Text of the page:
"The Sahrawi people who led a murderous war for their freedom have always been characterised by their wish for peace, without ever resorting to terrorism, which they reject, being in contradiction with their values and traditions," he wrote in a letter to Bush.
He called on the US leader to intervene to obtain the release of 33 Sahrawi political prisoners who he said have been imprisoned in Morocco since 21 May, according to excerpts of the letter published by the Sahrawi news agency SPS carried by its Algerian counterpart APS.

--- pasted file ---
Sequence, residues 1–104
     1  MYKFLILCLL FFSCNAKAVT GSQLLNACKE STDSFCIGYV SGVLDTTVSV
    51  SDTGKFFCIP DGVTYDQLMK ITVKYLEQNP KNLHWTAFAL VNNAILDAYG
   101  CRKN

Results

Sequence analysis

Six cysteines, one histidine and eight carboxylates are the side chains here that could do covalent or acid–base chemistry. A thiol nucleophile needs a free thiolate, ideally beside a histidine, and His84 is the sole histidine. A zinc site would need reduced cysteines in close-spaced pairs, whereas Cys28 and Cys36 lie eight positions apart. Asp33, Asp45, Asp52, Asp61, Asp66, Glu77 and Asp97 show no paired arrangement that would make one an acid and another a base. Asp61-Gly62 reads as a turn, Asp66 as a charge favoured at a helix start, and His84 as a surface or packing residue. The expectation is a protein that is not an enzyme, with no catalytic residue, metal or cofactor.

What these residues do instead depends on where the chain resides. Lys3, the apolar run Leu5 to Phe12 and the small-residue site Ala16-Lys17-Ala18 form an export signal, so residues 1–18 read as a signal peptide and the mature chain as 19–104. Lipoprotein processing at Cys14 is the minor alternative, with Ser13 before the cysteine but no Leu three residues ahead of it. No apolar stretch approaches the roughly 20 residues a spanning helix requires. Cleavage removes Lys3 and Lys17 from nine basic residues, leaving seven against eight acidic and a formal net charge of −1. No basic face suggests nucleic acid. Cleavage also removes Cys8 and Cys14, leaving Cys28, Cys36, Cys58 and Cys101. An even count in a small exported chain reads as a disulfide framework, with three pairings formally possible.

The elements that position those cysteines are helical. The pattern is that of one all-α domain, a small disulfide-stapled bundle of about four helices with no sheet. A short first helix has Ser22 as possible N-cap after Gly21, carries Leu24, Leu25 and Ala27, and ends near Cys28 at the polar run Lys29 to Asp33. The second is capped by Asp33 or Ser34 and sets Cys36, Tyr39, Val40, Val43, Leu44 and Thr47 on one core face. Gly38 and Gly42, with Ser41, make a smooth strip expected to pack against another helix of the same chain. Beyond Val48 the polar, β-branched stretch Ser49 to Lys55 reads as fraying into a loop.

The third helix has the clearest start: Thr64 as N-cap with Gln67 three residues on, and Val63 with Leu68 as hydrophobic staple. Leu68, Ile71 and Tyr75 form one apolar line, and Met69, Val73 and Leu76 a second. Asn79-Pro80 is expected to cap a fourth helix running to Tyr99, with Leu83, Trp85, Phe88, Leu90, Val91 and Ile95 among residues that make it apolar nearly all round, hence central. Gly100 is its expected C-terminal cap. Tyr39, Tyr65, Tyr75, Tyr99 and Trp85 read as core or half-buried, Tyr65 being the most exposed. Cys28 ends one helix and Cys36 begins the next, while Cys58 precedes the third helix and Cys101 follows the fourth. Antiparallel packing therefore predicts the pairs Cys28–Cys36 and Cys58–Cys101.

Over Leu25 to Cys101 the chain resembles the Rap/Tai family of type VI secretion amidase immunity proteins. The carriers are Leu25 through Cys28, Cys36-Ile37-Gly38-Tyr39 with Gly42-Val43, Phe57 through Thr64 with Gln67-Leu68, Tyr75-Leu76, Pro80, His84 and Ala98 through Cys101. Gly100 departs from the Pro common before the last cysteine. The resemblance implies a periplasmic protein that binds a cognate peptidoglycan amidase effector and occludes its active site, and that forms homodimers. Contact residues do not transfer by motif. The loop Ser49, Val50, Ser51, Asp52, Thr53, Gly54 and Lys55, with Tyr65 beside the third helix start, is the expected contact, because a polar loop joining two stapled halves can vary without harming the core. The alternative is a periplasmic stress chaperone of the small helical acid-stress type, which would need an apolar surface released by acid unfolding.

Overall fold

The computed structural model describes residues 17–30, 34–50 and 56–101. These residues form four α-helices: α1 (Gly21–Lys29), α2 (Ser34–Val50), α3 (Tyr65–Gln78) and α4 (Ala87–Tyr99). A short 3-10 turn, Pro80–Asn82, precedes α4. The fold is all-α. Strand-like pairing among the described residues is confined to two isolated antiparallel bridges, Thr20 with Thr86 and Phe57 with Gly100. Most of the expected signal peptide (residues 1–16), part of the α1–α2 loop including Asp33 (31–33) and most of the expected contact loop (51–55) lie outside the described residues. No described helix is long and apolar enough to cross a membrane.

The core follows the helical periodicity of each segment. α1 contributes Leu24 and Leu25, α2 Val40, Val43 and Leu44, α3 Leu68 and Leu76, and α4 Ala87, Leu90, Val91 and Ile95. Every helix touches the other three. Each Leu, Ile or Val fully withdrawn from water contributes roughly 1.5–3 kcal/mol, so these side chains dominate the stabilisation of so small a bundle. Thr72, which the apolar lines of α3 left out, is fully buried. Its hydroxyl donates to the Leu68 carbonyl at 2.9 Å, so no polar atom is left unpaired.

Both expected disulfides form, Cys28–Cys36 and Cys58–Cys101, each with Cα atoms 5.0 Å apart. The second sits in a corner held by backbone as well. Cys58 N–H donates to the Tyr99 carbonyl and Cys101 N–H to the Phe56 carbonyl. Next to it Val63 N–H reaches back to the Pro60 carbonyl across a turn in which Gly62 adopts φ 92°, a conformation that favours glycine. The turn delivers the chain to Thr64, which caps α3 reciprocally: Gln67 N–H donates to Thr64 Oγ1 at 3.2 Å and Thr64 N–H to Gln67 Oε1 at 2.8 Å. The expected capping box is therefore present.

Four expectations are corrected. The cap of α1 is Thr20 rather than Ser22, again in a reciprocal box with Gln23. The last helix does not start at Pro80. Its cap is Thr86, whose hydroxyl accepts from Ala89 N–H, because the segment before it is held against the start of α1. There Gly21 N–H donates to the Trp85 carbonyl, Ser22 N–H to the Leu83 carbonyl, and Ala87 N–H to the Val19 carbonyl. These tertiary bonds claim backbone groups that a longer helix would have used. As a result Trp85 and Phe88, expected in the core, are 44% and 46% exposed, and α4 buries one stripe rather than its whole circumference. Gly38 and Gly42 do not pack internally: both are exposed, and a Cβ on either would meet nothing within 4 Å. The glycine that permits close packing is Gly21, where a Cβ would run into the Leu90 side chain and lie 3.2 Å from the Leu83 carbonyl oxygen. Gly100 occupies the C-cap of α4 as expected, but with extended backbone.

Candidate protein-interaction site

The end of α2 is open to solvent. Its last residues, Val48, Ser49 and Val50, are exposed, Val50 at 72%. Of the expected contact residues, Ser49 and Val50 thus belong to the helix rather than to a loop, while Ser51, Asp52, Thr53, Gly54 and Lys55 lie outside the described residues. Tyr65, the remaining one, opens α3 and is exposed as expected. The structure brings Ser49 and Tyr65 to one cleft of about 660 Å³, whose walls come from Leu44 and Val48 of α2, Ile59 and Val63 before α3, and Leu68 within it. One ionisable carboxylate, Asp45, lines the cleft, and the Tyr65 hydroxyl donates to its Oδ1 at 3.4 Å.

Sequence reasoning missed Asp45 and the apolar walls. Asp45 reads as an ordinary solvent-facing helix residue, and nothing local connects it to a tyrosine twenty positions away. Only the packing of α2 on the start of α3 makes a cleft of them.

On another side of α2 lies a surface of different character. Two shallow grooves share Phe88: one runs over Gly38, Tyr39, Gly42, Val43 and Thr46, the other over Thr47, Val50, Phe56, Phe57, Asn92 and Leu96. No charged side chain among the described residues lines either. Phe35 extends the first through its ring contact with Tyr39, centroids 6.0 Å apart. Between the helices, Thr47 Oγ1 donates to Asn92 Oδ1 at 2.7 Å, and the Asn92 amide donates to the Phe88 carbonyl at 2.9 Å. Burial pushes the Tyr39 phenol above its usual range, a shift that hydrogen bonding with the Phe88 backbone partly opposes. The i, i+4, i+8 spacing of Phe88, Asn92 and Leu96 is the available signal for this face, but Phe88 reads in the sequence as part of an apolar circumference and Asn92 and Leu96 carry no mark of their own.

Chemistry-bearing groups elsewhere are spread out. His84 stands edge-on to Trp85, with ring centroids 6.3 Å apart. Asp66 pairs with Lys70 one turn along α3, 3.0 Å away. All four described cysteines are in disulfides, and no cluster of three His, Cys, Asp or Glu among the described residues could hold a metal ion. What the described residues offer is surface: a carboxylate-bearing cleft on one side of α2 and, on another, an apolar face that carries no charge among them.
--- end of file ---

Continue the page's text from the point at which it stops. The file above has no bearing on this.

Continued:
The Algerian-backed Polisario Front also says that Morocco still has 150 prisoners of war and more than 500 missing who are being held in secret in Moroccan prisons.
Polisario's release of 404 prisoners - some held for two decades - last Thursday under US mediation was hailed by the international community and prompted calls for Morocco to reciprocate and renewed efforts to resolve the 30-year-old conflict.
"The great tragedy of the Sahrawi people, as well as the people of the region [began with] the Moroccan military invasion of Western Sahara on 31 October 1975," Abdelaziz said in the letter, dated 18 August.
The Western Sahara is a former Spanish colony whose annexation by Morocco triggered the hostilities.